The Thrill

I'm writing from Copenhagen where I just played with guitarist Peter Tinning and bassist Þorgrímur Jónsson on the jazz festival. We are playing a couple of more concerts tomorrow and then off to Aarhus, where I've never been. I had a blast today, but later on the phone someone reminded me of my days with Ant Man Bee back in Norfolk, Virginia. They said something like "it's a lot different from Ant Man Bee" and I thought, yes it is.

But is it, really? It got me thinking about the essence of what it is that I do. There are many ways to look at this, but when I perform I'm basically communicating in some way with an audience. If it goes well, there is a connection, just like when a stand-up comic makes people laugh.

And then we went to see our friend Richard Andersson play with a brilliant quartet featuring the German clarinetist Rudi Mahall. This guy had all the musicians in the house laughing. He's a great musician but he's constantly making what I call musical jokes, and this is one of the ways he connected with us.

Somehow watching Mahall and thinking about Ant Man Bee the two things intersected in my brain. I realized how fortunate I was to be in that band at that time. Imagine I'm 16 years old and suddenly I'm playing to packed clubs of college kids who can't seem to get enough of our music. It was a thrill. I can remember driving home after those shows and feeling a sense of elation (without pharmaceuticals mind you). It was a feeling that I had shared an experience with my band-mates and the audience that was unique, and that I had been a part of the circuitry of that connection. It was hard to fall asleep afterwards. Kind of like a musical double-espresso.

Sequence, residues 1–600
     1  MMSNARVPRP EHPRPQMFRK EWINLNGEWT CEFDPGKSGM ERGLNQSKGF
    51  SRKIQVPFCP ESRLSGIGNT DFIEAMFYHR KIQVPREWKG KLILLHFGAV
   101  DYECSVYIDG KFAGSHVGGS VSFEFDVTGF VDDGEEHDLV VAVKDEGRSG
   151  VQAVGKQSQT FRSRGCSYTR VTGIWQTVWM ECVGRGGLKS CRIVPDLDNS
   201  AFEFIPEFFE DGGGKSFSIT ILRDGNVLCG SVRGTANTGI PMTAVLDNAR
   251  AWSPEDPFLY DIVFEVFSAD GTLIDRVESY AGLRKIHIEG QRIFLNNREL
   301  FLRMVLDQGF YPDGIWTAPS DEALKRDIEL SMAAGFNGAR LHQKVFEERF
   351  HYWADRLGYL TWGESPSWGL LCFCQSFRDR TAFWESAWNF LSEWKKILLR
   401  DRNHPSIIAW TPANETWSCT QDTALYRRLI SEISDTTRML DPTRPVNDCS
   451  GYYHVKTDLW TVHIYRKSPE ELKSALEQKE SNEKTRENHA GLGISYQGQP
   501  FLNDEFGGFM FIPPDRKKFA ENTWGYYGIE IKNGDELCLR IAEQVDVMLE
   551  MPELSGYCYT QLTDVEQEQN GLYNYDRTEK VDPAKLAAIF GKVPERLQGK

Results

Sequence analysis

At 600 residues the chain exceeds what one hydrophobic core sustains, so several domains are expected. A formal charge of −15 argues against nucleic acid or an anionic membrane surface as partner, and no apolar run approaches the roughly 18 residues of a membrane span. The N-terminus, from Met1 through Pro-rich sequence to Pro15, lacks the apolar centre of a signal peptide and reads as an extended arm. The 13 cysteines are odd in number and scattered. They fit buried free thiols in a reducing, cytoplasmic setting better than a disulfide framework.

Now that I play mostly jazz, and the college kids are less prone to stage-diving at my shows, I feel the same way. Of course there are off nights… or mediocre nights, as there were with Ant Man Bee or with any performer, but that feeling of connection happens more often than not. For that I am truly grateful.

For the love of free

If you're one of those people who likes free things… here are two:

First, the track "Waking" from my new album "Remote Location" is featured on as a free download here.

Second, my song "Icelandic Poptune" is available free here. It features Sunna Gunnlaugs on Wurlitzer and Eivind Opsvik on bass.


Remote Location